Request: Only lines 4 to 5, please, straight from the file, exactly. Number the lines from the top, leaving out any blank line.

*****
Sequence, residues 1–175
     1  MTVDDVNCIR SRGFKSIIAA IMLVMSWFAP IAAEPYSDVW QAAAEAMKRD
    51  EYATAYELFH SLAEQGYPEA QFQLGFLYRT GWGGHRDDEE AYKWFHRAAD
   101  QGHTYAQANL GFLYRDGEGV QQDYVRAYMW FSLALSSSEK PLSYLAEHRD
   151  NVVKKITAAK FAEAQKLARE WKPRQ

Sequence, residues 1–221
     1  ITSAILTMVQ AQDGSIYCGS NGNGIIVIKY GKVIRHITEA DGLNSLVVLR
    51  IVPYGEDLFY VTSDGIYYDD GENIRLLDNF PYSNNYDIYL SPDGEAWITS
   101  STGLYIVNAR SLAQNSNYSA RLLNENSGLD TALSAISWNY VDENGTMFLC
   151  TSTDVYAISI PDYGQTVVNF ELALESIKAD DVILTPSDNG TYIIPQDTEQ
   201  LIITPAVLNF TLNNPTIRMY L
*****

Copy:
   101  QGHTYAQANL GFLYRDGEGV QQDYVRAYMW FSLALSSSEK PLSYLAEHRD
   151  NVVKKITAAK FAEAQKLARE WKPRQ